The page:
Saturday, October 1, 2011

Why Do Superfund Environmental Cleanups Take Decades?

Tuesday 10/4/11 "Why is Environmental Cleanup So Slow?” Panel Discussion at Ramapo College, Mahwah, NJ

Friends Hall (SC219) in Student Center, 6:30-9 p.m. 

The regional head of the US Environmental Protection Agency’s Superfund program, Walter Mugdan, will speak Tuesday on a panel with Ramapo College professors. Other panelists are Adjunct Professor Jan Barry Crumb, who teaches environmental writing; Adjunct Professor Chuck Stead, who teaches courses in environmental investigations; and environmental studies Professor Michael Edelstein, the panel chair.

The event, which is open to the public, is sponsored by the Ramapo College Institute of Environmental Studies.The panel will discuss why environmental cleanups at Superfund sites often take decades, with a focus on the Ringwood Mines Superfund site in New Jersey and sites near the Town of Ramapo landfill in Rockland County, New York. These sites were all contaminated by paint sludge and other industrial waste from the former Ford Motor Company plant in Mahwah, NJ.

Panel Chair, Michael R. Edelstein, Ph.D. Professor of Environmental Psychology, Ramapo College of NJ. He is author of Contaminated Communities, 2nd Edition (Westview 2004) and lead editor of Cultures of Contamination (Elsevier, 2007). Edelstein has a perspective on cleanup activities that stretches back to research done at Love Canal in the late 1970s. He has studied Superfund communities and testified in administrative hearings and toxic torts, not only about the consequences of living in contaminated communities which have not been addressed, but also about the impacts of cleanup itself.

Walter Mugdan, Director of the Emergency and Remedial Response Division at the Region 2 office, U.S. Environmental Protection Agency (EPA), located in New York City.  He heads a staff of some 220 employees responsible for the Region’s “Superfund” toxic waste cleanup, emergency response and brownfields programs.  Previously he headed the Region’s Division of Environmental Planning & Protection, where his staff of about 180 scientists, engineers and planners managed the Region’s air, water, hazardous waste and environmental review programs. Prior to that appointment, he served as Deputy Regional Counsel and then Regional Counsel for Region 2, where he headed a staff of 80 attorneys.   He joined EPA in 1975 as a staff attorney, and subsequently served in various supervisory positions in the Office of Regional Counsel, including Chief of the units responsible for Superfund, RCRA, TSCA and the Clean Air Act.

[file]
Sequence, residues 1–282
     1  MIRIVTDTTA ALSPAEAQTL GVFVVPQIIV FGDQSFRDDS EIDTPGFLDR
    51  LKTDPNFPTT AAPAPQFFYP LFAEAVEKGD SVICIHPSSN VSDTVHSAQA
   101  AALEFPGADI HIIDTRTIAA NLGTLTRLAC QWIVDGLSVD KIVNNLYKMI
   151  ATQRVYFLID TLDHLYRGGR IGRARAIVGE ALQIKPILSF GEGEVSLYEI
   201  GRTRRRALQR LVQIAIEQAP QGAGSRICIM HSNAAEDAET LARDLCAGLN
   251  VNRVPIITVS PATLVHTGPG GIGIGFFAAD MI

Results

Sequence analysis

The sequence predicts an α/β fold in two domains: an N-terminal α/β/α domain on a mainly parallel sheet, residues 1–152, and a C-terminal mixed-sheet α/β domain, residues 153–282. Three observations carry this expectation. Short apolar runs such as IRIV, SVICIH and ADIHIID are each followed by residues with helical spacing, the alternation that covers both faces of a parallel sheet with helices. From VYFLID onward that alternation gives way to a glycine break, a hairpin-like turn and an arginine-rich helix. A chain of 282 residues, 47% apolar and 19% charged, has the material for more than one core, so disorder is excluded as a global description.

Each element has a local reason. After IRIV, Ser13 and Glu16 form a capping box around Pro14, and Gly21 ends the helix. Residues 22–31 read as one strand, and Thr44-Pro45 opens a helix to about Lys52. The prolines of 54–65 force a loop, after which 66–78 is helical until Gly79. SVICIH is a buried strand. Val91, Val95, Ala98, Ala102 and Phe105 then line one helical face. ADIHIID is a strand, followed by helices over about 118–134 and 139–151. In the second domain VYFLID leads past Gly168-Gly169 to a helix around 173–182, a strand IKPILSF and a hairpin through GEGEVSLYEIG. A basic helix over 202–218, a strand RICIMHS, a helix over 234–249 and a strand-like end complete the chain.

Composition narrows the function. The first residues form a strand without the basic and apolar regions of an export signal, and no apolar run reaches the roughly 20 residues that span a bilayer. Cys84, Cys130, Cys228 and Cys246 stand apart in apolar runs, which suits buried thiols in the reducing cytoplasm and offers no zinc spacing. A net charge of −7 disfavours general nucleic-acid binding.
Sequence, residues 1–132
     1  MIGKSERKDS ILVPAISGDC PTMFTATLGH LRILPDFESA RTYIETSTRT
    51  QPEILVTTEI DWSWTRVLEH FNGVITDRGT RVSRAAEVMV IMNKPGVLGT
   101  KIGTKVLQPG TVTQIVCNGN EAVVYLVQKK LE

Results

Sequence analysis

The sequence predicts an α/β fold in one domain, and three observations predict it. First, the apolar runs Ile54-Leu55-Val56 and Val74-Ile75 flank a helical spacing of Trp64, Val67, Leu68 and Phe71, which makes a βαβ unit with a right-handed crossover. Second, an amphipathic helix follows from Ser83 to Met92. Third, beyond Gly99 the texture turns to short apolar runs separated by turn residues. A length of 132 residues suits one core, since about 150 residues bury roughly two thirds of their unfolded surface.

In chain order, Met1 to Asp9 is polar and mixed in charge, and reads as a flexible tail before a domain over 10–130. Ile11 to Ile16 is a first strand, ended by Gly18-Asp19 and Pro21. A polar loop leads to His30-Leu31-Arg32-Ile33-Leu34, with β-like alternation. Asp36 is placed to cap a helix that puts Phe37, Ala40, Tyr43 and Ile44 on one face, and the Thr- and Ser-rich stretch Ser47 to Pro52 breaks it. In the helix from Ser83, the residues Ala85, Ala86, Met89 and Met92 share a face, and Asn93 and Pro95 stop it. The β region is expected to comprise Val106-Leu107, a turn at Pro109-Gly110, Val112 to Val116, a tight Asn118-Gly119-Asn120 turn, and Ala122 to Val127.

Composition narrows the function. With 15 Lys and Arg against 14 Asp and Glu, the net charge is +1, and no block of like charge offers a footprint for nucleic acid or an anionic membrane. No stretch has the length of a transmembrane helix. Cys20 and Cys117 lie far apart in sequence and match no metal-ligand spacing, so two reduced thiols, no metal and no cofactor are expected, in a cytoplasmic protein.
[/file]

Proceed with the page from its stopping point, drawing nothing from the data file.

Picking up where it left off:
Jan Barry Crumb, Journalist, Adjunct Professor, Ramapo College. He is the author of A Citizen’s Guide to Grassroots Campaigns (Rutgers 2000). During an award-winning career at The Record of Bergen County, NJ, Jan Barry intensively reported on the Ford contamination issues and their impact on the Ramapough Indians. His work with an investigative team of reporters and editors led EPA to reopen the closed Superfund project in Ringwood. The Record's Website documents this effort.

Chuck Stead, Social Ecologist, Adjunct Professor, Ramapo College and Cornell Cooperative Extension. A native of Hillburn, NY, he is a local historian, activist and place scholar who has worked for years on the Ford contamination. Ramapo students, under his supervision, have helped him identify areas of contamination in New York State that have never been addressed previously. These hazardous waste sites are now the subject of cleanup efforts under the New York State DEC. Mr. Stead is in the process of erecting an education center dedicated to the contamination cleanup efforts in the Ramapo Mountains.


Dean Reese said...

I think that's awesome you have so many people willing to help. There are so many people involved with the environment who know so much about it. Having their help will only make the process easier and less time consuming. Good luck with everything you have planned!

0s0-Pa said...

I'm sure some of the construction site cleanups take decades so the cleanup crews can make the most $$$ possible. Some disasters contain toxic pollutants or radioactive materials, so they take longer.